continued as it presently exists, and that the court would issue
an appropriate order at an appropriate time.

In a Memorandum Decision the court sets forth its reasons
for granting the Exclusivity Motion and denying the Preferences

As all parties are fully aware, the court is in the midst of
an extremely lengthy, complex and expensive confirmation trial
regarding Debtor's September 20, 2001 Plan Of Reorganization
Under Chapter 11 Of The Bankruptcy Code For Pacific Gas and
Electric Company (as amended from time to time the "PG&E Plan")
and the April 15, 2002 California Public Utilities Commission's
Plan Of Reorganization Under Chapter 11 Of The Bankruptcy Code
For Pacific Gas and Electric Company (as amended from time to
time, and as of October 23, 2002, jointly sponsored by the
Committee as a coproponent, the "Joint Plan"; together with the
PG&E Plan, the "Competing Plans"). So far the confirmation trial
on the Competing Plans has taken twenty-three days and is
scheduled for ten more days this month and at least twelve days
in March. The court cannot even guess when all of the evidence
will finally be submitted nor when the parties will be invited
to present arguments in support of their respective positions.

Twice during the course of this Chapter 11 case the court has
altered Debtor's plan exclusivity over its objection. On March
11, 2002, it terminated exclusivity and permitted the CPUC to
file what ultimately became the Joint Plan. By its order filed
on July 9, 2002, the court terminated exclusivity as to the
Committee.  The Committee's subsequent joinder with CPUC in
support of the Joint Plan presumably is the reason why it has
not filed a plan of its own.

At the January 22, 2003 hearing on the Exclusivity Motion,
several objectors contended that the court should terminate
exclusivity if for no other reason to "level the playing field"
and provide an environment that would permit objectors and
others the comfort of knowing that they have the right to file a
plan if they choose to do so. Without factual support, one
objector contended that prospective plan proponents feared
retaliation by Debtor if they actively support an alternative
plan. Despite the rhetoric, there is no evidence either of the
existence of an alternative plan or any that any would-be plan
proponents have been deterred from coming forth and seeking
permission to file a plan. The court further notes that as far
back as June 27, 2002, at a hearing on an extension of
exclusivity, it invited any serious proponent who wished to file
a plan to come forward and seek to have exclusivity terminated
on an expedited basis.

Nothing has changed since then. No other proponent has come
forth with an alternative to the PG&E Plan and the Joint Plan,
notwithstanding the frequent discussions throughout this case of
a so-called "Plan C," the unspecified plan that would likely
emerge if confirmation is denied both of the Competing Plans.

The court remains convinced that no purpose would be served
by permitting parties to file plans at this time. As noted on
January 22, it is possible that the PG&E Plan or the Joint Plan
will be confirmed. If that happens, a new Plan C would have no
constructive effect and might only confuse the vast universe of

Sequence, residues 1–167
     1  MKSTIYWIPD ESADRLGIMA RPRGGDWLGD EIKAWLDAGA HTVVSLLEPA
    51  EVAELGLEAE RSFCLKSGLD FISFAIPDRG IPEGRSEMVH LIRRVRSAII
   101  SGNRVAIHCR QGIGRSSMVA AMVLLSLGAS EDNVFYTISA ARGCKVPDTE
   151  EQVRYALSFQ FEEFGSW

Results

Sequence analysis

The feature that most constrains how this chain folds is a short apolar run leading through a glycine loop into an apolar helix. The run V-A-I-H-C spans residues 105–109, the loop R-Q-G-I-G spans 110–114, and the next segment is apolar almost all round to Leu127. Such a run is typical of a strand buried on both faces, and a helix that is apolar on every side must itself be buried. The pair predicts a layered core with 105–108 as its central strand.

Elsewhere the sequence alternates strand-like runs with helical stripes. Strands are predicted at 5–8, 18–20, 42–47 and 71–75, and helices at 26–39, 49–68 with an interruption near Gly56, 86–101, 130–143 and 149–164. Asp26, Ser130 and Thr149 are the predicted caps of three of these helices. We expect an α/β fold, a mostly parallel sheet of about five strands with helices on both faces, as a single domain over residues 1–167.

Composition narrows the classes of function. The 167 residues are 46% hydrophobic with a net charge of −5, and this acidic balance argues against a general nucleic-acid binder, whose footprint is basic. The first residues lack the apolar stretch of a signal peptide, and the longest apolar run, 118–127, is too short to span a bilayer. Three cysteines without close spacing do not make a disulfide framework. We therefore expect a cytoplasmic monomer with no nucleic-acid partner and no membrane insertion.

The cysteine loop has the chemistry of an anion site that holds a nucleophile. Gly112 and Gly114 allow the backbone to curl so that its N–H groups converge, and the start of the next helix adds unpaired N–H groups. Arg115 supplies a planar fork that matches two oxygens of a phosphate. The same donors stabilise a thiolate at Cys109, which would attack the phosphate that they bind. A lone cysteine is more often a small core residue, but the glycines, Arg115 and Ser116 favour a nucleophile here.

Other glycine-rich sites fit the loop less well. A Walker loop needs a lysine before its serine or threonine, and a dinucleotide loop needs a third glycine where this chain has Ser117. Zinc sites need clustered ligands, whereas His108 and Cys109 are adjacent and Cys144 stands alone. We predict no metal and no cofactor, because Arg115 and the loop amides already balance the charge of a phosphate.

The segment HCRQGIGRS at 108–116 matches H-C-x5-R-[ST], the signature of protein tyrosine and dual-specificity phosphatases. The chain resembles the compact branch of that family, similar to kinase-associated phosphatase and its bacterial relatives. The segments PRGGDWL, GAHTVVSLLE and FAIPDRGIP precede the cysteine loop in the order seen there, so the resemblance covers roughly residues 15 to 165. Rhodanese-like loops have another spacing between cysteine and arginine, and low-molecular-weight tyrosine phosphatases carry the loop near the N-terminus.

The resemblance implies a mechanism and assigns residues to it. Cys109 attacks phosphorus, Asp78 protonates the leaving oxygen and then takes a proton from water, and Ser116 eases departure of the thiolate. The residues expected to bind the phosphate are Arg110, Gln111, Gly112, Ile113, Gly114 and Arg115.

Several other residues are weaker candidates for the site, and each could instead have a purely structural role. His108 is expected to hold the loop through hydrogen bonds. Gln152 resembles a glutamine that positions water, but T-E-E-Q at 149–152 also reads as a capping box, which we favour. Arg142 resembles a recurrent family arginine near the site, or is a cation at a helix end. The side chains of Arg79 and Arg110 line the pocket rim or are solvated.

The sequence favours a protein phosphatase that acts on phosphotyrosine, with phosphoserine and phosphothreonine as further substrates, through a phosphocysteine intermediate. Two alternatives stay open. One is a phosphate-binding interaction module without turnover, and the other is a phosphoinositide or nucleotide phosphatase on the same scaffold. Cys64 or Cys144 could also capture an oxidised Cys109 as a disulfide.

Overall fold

parties (creditors, rate payers, the public) interested in a
successful resolution of this important Chapter 11 case.

Further, as long as the Competing Plans remain supported by
their respective proponents, and as long as the court has not
denied confirmation of either or both of those plans, the court
would not likely permit the confirmation and disclosure
statement process to recommence as to any other plan.

That being said, the court is mindful of the need to provide
a readily accessible vehicle for consideration of Plan C if and
when the Competing Plans no longer constitute viable
alternatives for resolution of this case. Thus, it is the
court's determination that exclusivity should remain in its
present posture, i.e., with the Competing Plans being tested for
confirmation while the Committee remains authorized to file its
own plan if and when it chooses. Whenever the situation changes
the court may issue another order further terminating
exclusivity, in whole or in part. Of course, any party in
interest remains free to move to seek termination.

As to the Preferences Motion, the court is fully aware of
several irrefutable facts: (1) when creditors were asked to vote
to accept or reject the PG&E Plan and the CPUC Plan (before it
became the Joint Plan), only those creditors who voted to accept
both plans were permitted to express their preference as to
which plan should be confirmed. This is completely consistent
with 11 U.S.C. Sec. 1129(c); (2) the PG&E Plan was accepted by a
substantial number of creditors and all but one impaired class
of creditors; the CPUC Plan (again, before it became the Joint
Plan) was accepted by only one impaired class; (3) the
Committee's joinder with the CPUC in support of the Joint Plan,
as well as substantive changes from the CPUC Plan, not the least
of which are the presence of the Reorganization Agreement and
the CPUC's consent to jurisdiction in this court to enforce that
agreement and the Joint Plan, are significant; and (4) numerous
events have occurred since the original preference solicitation
that may materially influence a creditor in expressing that
creditor's preference for the PG&E Plan over the Joint Plan, or